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Abstract

The presence of public audiences in competitive contest rounds, a central feature of early intercollegiate debate practice, was largely eliminated during the ascent of the tournament model over the last century. However, audience participation in tournament designs has recently become a topic of conversation among those committed to transforming the activity in line with the emerging civic and public attitudes of higher education. Given the preliminary nature of this conversation, we currently lack robust models for and scholarly reflection about the role audiences might play within the calcified and secluded structures of tournament debating. Building on recent work in American intercollegiate debate scholarship and practice, this essay recovers a little noted multimodal adjudication system or MAS (i.e., the use of multiple judging styles simultaneously) implemented at Stanford University on April 2, 1925 as an historical design resource for visualizing the role of audiences in debate competitions. Recovering this system provides a context to employ an historical antecedent as a small-scale case study to inform one approach to tournament redesign in the present. In addition, this essay reflects on numerous advantages of translating the Stanford system into contemporary tournament designs, especially: (1) the value of revisiting historical practices to rediscover pedagogical and competitive elements that have been forgotten over time; (2) the importance of acknowledging critical differences between the activity’s past and present; and, (3) implementing experimental tournament designs that generate novel features of interest for debate, argumentation, and rhetorical scholars.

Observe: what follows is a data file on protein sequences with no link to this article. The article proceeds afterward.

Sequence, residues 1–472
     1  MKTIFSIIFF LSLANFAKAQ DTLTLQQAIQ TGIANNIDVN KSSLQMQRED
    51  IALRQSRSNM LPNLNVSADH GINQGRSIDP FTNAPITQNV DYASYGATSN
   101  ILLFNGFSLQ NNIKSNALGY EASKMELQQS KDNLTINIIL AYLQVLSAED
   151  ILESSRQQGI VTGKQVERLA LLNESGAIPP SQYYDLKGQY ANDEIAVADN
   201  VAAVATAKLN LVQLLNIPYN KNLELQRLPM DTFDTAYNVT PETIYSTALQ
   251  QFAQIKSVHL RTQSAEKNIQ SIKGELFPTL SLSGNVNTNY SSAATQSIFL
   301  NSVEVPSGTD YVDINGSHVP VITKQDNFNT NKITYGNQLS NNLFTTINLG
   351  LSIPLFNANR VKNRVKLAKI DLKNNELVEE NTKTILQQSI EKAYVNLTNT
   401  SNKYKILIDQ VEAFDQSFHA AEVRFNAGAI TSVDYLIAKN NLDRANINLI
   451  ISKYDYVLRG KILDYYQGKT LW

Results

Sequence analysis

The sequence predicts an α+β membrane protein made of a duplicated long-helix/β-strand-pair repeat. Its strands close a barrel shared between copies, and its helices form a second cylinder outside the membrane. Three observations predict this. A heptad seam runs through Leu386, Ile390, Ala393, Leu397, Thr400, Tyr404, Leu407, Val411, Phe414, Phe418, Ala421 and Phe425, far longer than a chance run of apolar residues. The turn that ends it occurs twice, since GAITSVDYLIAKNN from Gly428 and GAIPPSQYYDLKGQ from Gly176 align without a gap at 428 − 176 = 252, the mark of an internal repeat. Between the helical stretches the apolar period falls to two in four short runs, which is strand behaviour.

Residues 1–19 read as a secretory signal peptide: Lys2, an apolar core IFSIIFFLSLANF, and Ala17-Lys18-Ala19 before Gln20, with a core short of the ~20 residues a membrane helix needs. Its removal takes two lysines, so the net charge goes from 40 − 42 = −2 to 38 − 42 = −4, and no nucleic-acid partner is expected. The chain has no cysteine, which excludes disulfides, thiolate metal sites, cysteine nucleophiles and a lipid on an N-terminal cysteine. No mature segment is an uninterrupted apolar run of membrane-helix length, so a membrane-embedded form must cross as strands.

Creative Commons License

Creative Commons Attribution-Noncommercial-No Derivative Works 4.0 License
This work is licensed under a Creative Commons Attribution-Noncommercial-No Derivative Works 4.0 License.

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